Nearly all American reactors, especially the older ones, have far more spent fuel on hand than was anticipated when they were designed, Mr. Alvarez, a former senior adviser at the Department of Energy, wrote.
In general, the plants with the largest inventories are the older ones with multiple reactors. By Mr. Alvarez’s calculation, the largest amount of spent fuel is at the Millstone Point plant in Waterford, Conn., where two reactors are still operating and one is retired. The second-biggest is at the Palo Verde complex in Wintersburg, Ariz., the largest nuclear power plant in the United States, with three reactors.
Companies that run reactors are generally reluctant to say how much spent fuel they have on hand, citing security concerns. But Mr. Alvarez, drawing from the environmental impact statement for the proposed repository at Yucca Mountain, estimated the amount of radioactive material at all of the nation’s reactors.
In the 1960s, when most of the 104 reactors operating today were conceived, reactor manufacturers assumed that the fuel would be trucked away to factories for reprocessing to recover uranium. But reprocessing proved a commercial flop and was banned in the United States in the 1970s out of concerns that the plutonium could find its way into weapons worldwide.
Today roughly 75 percent of the nation’s spent nuclear fuel is stored in pools, the report said, citing data from the Nuclear Energy Institute. About 25 percent is stored in dry casks, or sealed steel containers within a concrete enclosure. The fuel is cooled by the natural flow of air around the steel container.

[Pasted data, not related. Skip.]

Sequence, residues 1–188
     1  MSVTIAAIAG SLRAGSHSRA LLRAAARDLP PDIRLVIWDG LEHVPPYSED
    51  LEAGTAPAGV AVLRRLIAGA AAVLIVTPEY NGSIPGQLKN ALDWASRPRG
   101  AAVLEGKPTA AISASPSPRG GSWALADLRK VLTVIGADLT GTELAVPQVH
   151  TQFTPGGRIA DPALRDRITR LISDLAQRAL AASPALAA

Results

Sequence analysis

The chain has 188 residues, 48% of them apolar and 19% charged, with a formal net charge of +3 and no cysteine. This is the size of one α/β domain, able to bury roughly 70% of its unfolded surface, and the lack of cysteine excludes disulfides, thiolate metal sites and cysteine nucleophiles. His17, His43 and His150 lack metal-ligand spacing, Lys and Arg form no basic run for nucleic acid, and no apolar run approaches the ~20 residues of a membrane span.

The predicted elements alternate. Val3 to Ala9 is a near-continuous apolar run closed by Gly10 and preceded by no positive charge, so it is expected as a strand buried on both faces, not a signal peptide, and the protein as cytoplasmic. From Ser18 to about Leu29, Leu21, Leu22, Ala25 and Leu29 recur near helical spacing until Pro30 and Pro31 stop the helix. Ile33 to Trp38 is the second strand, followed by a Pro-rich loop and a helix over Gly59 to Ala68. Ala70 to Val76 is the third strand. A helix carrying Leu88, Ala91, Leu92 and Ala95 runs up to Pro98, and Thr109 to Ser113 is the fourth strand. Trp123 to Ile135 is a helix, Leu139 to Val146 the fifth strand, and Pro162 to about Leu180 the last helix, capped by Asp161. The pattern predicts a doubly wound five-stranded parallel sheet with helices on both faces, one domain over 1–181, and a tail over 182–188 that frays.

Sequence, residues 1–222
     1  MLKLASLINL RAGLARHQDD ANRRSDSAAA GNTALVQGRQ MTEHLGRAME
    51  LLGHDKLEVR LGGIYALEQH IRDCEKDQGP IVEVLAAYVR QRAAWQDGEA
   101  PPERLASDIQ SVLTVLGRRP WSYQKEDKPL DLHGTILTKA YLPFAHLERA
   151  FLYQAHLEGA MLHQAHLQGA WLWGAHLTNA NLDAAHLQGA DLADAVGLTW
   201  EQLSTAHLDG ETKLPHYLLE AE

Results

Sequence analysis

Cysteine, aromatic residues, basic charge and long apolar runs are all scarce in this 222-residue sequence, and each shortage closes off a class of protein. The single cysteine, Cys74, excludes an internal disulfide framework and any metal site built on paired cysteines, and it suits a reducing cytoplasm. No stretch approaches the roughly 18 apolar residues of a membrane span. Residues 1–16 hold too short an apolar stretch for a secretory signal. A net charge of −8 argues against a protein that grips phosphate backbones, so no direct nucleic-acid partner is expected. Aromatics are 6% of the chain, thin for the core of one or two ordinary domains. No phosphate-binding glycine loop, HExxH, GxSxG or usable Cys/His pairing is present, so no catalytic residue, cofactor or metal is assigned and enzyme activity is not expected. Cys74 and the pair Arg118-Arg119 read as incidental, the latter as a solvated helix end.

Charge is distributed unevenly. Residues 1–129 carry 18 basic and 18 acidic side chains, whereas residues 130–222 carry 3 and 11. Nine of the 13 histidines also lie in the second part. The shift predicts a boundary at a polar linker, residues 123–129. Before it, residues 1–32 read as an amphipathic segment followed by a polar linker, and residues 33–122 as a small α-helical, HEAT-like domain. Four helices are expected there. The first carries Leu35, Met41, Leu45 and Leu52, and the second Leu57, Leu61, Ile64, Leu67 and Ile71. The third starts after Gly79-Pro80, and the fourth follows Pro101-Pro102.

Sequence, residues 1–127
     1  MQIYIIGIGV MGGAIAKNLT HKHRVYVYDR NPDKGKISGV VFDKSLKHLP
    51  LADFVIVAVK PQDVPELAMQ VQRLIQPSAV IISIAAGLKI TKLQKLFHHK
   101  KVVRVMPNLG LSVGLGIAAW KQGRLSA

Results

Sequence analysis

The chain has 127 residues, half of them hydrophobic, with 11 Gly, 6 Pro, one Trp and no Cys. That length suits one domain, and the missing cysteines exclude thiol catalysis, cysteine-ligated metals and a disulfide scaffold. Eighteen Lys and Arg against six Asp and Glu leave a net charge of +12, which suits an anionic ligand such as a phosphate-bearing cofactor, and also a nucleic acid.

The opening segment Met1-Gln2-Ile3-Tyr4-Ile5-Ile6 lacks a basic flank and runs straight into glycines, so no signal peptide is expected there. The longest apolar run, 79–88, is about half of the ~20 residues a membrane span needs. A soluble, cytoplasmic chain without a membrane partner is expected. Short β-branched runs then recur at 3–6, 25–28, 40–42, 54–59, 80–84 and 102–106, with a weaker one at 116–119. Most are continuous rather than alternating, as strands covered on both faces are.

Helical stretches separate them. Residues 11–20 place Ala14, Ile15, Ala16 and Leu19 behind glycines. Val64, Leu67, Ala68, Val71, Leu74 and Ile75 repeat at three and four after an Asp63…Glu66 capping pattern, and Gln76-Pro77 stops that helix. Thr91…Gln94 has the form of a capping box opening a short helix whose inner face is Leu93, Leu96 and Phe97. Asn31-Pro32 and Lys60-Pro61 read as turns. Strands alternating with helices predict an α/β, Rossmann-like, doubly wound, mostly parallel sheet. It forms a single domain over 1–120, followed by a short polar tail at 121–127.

But spent fuel is transferred to dry casks only when reactor pools are nearly completely full. The report recommends instead that all spent nuclear fuel older than five years be stored in the casks. It estimated that the effort would take 10 years and cost $3.5 billion to $7 billion.
“With a price tag of as much as $7 billion, the cost of fixing America’s nuclear vulnerabilities may sound high, specially given the heated budget debate occurring in Washington,” Mr. Alvarez wrote. “But the price of doing too little is incalculable.”
The casks are not viewed as a replacement for a permanent disposal site, but as an interim solution that would last for decades.
The security of spent fuel pools also drew new attention after the attacks of Sept. 11, 2001, partly because one of the planes hijacked by terrorists flew down the Hudson River, over the Indian Point nuclear complex in Westchester County, before crashing into the World Trade Center in Manhattan.
Indian Point has pressurized water reactors with containment domes, but its spent fuel pools are outside the domes. The pools themselves are designed to withstand earthquakes and other challenges, but the surrounding buildings are not nearly as strong as those that house the reactors.
In a 2005 study ordered by Congress, the National Academy of Sciences also concluded that the pools were a credible target for terrorist attack and that consideration should be given to moving some fuel to dry casks.